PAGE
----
Cleveland Browns defensive line coach Anthony Weaver soaked up every moment of his NFL career, particularly with the Baltimore Ravens. Weaver was a fierce rotational defensive lineman under Mike Pettine and Rex Ryan’s masterminded defenses.
The Ravens were the standard for defense for more than a decade in the NFL. Starting 57 games in four seasons alongside Ray Lewis, Peter Boulware, Terrell Suggs and Ed Reed, Weaver portrays a passion for greatness more so than most professional football players.
“The game had been so good to me,” Weaver recalled of his eight year career. “I always knew I wanted to remain a part of it, and in sense, kind of pay it forward. I have been blessed to have a lot of good coaches. I wanted to take bits and pieces of all of them and share it with some of these younger guys.”
Weaver met Pettine during his rookie season in Baltimore, back in 2002. Weaver said it was Pettine’s immense knowledge of football and individual tutelage as reasons why he wanted to coach. Weaver still calls Pettine his mentor, but the two are also close friends.
Turning the Browns into a staple NFL franchise is a fuel in Weaver’s belly that won’t go away until the mission is complete.
“I want to do whatever I can do to not only help the Cleveland Browns succeed, but to see Mike Pettine succeed,” said Weaver. “I know how long he’s wanted this opportunity. And now that he has it, I’m not here to see him fail.”
It’s now Weaver’s duty to elevate the play of the Browns’ big boys up front, a task that will generate wins if executed properly.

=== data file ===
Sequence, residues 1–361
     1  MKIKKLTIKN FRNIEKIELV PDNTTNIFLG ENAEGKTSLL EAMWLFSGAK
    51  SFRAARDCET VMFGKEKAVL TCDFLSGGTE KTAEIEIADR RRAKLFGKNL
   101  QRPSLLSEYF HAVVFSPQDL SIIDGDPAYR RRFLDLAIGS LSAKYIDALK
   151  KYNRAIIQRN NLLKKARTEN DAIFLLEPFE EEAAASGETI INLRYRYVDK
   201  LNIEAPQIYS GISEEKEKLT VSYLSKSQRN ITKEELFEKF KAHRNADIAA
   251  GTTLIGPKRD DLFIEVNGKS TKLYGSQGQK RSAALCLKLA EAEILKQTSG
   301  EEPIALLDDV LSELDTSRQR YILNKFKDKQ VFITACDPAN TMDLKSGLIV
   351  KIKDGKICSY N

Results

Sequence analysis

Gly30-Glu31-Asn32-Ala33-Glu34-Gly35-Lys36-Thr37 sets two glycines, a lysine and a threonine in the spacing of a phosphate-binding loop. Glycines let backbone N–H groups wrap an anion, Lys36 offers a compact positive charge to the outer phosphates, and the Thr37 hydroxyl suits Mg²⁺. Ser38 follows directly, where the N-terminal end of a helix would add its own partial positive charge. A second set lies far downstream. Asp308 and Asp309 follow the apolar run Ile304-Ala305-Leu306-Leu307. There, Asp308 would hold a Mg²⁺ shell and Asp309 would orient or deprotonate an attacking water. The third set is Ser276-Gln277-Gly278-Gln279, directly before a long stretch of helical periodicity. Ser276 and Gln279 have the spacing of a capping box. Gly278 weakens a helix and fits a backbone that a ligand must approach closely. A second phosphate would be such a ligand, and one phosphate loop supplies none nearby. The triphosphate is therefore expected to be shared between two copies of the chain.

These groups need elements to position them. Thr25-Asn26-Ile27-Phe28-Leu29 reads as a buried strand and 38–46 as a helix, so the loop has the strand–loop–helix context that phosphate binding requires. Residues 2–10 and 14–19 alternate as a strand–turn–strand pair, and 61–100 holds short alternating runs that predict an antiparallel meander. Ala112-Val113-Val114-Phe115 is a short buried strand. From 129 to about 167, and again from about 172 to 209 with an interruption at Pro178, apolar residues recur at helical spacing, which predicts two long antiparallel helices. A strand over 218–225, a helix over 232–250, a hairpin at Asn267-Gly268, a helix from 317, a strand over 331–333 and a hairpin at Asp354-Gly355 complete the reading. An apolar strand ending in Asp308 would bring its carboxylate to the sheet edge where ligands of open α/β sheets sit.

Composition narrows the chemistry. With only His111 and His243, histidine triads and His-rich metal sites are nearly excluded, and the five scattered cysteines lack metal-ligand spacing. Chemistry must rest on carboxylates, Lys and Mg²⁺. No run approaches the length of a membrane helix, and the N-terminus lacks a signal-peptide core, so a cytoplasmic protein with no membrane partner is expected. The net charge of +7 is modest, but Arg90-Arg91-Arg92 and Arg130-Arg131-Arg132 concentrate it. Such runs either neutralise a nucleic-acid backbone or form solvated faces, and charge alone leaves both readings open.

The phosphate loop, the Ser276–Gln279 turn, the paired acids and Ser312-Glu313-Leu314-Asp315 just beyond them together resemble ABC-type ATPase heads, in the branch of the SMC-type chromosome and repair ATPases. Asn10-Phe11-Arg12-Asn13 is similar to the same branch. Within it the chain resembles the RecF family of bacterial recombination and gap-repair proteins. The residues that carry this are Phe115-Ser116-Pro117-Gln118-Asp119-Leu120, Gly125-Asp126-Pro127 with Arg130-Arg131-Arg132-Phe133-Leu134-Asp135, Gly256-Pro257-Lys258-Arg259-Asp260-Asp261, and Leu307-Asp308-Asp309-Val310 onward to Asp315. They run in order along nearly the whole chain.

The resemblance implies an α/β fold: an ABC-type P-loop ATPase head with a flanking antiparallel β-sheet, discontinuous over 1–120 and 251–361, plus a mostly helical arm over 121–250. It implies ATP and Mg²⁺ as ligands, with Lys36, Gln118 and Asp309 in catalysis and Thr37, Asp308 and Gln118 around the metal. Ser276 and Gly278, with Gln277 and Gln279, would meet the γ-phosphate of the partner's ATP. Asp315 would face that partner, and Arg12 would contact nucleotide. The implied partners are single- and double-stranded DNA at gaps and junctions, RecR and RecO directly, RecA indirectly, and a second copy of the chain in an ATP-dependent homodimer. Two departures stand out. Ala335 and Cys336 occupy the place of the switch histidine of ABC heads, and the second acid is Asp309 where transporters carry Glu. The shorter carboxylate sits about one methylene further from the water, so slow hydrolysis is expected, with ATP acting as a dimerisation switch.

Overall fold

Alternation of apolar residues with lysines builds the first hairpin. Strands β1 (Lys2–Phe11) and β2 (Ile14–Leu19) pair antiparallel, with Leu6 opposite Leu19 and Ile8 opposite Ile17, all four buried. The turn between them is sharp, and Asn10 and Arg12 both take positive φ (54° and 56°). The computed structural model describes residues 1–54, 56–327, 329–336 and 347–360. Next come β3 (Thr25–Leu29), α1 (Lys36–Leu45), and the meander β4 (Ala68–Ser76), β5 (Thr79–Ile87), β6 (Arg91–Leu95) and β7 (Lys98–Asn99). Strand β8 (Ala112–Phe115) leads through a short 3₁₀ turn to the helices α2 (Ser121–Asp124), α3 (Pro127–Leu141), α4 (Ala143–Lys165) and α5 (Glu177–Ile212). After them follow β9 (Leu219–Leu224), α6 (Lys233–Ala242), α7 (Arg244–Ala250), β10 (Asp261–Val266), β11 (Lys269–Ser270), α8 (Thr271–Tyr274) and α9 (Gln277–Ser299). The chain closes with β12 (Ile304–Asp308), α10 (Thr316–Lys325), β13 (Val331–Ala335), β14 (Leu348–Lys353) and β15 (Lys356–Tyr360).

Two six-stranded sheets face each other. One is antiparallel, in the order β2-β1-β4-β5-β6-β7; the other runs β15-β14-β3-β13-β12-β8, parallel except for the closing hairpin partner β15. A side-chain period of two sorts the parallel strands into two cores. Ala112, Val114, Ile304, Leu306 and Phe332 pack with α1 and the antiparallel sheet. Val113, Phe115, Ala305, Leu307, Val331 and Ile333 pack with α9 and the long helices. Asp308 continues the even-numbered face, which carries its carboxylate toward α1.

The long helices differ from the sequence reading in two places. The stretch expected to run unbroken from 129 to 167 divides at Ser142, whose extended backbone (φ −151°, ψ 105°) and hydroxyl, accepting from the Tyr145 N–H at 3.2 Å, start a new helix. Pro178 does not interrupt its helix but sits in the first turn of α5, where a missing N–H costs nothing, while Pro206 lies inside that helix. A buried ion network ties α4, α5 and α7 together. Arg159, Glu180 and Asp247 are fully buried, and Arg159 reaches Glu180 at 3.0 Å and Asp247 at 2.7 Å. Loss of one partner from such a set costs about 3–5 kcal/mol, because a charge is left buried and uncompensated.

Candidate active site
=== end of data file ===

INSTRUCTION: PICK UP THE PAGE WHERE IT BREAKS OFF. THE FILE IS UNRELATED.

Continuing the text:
He’s not a yeller and screamer. And he’ll treat each player with the utmost respect. But Weaver will set high standards for his defensive lineman. His unit will be expected to meet individual expectations which Weaver creates for them. And those expectations will be sky-high. Weaver considers his job as a motivator to be as important as technique and fundamentals.
“In this profession, as a player, confidence is so important,” Weaver said. “Without that, I don’t think you stand a chance. I want my guys to go out there on Sunday’s and feel like Superman. I want them to feel like there is no offensive lineman in the world that can block them.”
The Cleveland Browns will be playing a hybrid 3-4 defense. The pass rush from that type of defense is generally predicated on bull-rushing outside linebackers.
That’s wasn’t the case with Mike Pettine’s scheme with the Buffalo Bills in 2013.
A whopping 31 of the Bills franchise record 57 sacks came from three players: Mario Williams, Kyle Williams and Marcell Dareus. These starting defensive lineman terrorized offensive lines and dismantled quarterbacks. Weaver gave his Bills players that ‘Superman confidence’ he speaks about.
In 2013, lineman Phil Taylor, Desmond Bryant, John Hughes,
“Technique is the biggest thing for me. But when I think about it, it’s really just football. We have to just work hard and listen to Coach Weaver,” said John Hughes.
Weaver, like most of the assistants with the Browns, is young. The 33-year-old has an energy to him that’s translating on the field and in the meeting rooms.
“He is a competitor and you can tell he wants to win real, real bad,” said Ahtyba Rubin. “He’s getting everyone amped up. He really understands how we feel from a player’s standpoint.”
“It’s always good to have a young d-line coach,” said Hughes. “He knows exactly what you are going through.”
Weaver’s youth, determination, friendship with Coach Pettine and experience as a member of the Raven’s vaunted defenses of the early 2000’s seem like a recipe brewing for success here in Cleveland.